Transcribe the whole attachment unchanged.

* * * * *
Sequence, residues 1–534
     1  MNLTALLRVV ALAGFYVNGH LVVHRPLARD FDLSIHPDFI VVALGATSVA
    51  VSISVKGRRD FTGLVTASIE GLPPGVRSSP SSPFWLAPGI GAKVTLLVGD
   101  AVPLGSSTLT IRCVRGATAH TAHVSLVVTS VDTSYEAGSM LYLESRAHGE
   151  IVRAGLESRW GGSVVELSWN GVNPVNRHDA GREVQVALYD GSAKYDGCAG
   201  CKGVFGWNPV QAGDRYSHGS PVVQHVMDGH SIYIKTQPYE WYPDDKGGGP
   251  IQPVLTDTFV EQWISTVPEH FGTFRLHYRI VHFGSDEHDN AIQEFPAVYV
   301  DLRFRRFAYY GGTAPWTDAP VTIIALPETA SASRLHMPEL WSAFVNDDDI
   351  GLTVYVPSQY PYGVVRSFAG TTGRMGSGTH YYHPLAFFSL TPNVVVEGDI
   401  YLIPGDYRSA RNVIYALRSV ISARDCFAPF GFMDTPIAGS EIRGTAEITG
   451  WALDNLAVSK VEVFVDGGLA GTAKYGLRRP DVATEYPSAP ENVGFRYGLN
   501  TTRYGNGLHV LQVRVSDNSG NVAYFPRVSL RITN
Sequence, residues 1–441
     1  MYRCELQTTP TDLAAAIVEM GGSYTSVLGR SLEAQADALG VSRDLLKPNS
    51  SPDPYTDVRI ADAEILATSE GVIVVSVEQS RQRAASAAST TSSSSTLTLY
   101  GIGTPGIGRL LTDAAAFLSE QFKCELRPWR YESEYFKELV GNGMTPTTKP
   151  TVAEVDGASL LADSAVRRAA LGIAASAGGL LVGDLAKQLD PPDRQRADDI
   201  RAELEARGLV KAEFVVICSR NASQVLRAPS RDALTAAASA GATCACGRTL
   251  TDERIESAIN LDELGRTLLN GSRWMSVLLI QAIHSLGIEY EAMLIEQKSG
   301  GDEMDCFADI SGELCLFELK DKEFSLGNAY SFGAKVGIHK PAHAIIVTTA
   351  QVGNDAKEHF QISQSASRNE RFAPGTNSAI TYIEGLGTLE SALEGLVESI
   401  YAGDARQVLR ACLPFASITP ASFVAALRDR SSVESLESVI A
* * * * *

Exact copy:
Sequence, residues 1–534
     1  MNLTALLRVV ALAGFYVNGH LVVHRPLARD FDLSIHPDFI VVALGATSVA
    51  VSISVKGRRD FTGLVTASIE GLPPGVRSSP SSPFWLAPGI GAKVTLLVGD
   101  AVPLGSSTLT IRCVRGATAH TAHVSLVVTS VDTSYEAGSM LYLESRAHGE
   151  IVRAGLESRW GGSVVELSWN GVNPVNRHDA GREVQVALYD GSAKYDGCAG
   201  CKGVFGWNPV QAGDRYSHGS PVVQHVMDGH SIYIKTQPYE WYPDDKGGGP
   251  IQPVLTDTFV EQWISTVPEH FGTFRLHYRI VHFGSDEHDN AIQEFPAVYV
   301  DLRFRRFAYY GGTAPWTDAP VTIIALPETA SASRLHMPEL WSAFVNDDDI
   351  GLTVYVPSQY PYGVVRSFAG TTGRMGSGTH YYHPLAFFSL TPNVVVEGDI
   401  YLIPGDYRSA RNVIYALRSV ISARDCFAPF GFMDTPIAGS EIRGTAEITG
   451  WALDNLAVSK VEVFVDGGLA GTAKYGLRRP DVATEYPSAP ENVGFRYGLN
   501  TTRYGNGLHV LQVRVSDNSG NVAYFPRVSL RITN
Sequence, residues 1–441
     1  MYRCELQTTP TDLAAAIVEM GGSYTSVLGR SLEAQADALG VSRDLLKPNS
    51  SPDPYTDVRI ADAEILATSE GVIVVSVEQS RQRAASAAST TSSSSTLTLY
   101  GIGTPGIGRL LTDAAAFLSE QFKCELRPWR YESEYFKELV GNGMTPTTKP
   151  TVAEVDGASL LADSAVRRAA LGIAASAGGL LVGDLAKQLD PPDRQRADDI
   201  RAELEARGLV KAEFVVICSR NASQVLRAPS RDALTAAASA GATCACGRTL
   251  TDERIESAIN LDELGRTLLN GSRWMSVLLI QAIHSLGIEY EAMLIEQKSG
   301  GDEMDCFADI SGELCLFELK DKEFSLGNAY SFGAKVGIHK PAHAIIVTTA
   351  QVGNDAKEHF QISQSASRNE RFAPGTNSAI TYIEGLGTLE SALEGLVESI
   401  YAGDARQVLR ACLPFASITP ASFVAALRDR SSVESLESVI A